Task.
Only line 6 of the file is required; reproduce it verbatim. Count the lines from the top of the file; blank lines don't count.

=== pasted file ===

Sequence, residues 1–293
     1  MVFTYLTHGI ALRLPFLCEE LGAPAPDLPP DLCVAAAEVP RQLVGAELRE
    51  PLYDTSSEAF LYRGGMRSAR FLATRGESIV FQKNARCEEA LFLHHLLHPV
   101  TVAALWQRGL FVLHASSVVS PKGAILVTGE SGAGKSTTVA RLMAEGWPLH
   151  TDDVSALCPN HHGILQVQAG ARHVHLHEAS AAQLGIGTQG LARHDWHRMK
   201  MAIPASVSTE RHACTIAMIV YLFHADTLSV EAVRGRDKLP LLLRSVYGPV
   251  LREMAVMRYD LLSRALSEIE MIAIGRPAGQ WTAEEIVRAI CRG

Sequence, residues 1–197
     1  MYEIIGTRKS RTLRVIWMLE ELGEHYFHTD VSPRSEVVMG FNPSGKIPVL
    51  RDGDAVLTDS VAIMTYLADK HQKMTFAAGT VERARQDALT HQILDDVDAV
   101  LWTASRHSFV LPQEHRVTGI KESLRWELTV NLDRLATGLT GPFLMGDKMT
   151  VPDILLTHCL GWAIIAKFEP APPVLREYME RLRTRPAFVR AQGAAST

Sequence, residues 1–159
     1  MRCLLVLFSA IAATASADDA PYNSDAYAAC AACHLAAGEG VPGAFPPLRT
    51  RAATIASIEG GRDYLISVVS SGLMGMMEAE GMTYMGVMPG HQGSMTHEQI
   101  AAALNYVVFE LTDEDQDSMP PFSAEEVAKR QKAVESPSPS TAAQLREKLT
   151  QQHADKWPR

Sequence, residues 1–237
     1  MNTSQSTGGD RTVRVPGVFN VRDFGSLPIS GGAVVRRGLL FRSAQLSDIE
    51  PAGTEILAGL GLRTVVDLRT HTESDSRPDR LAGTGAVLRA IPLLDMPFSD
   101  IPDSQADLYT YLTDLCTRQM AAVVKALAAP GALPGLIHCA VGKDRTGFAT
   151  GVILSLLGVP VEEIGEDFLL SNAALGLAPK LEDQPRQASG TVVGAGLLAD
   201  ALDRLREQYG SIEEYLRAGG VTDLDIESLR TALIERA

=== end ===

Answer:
   201  MAIPASVSTE RHACTIAMIV YLFHADTLSV EAVRGRDKLP LLLRSVYGPV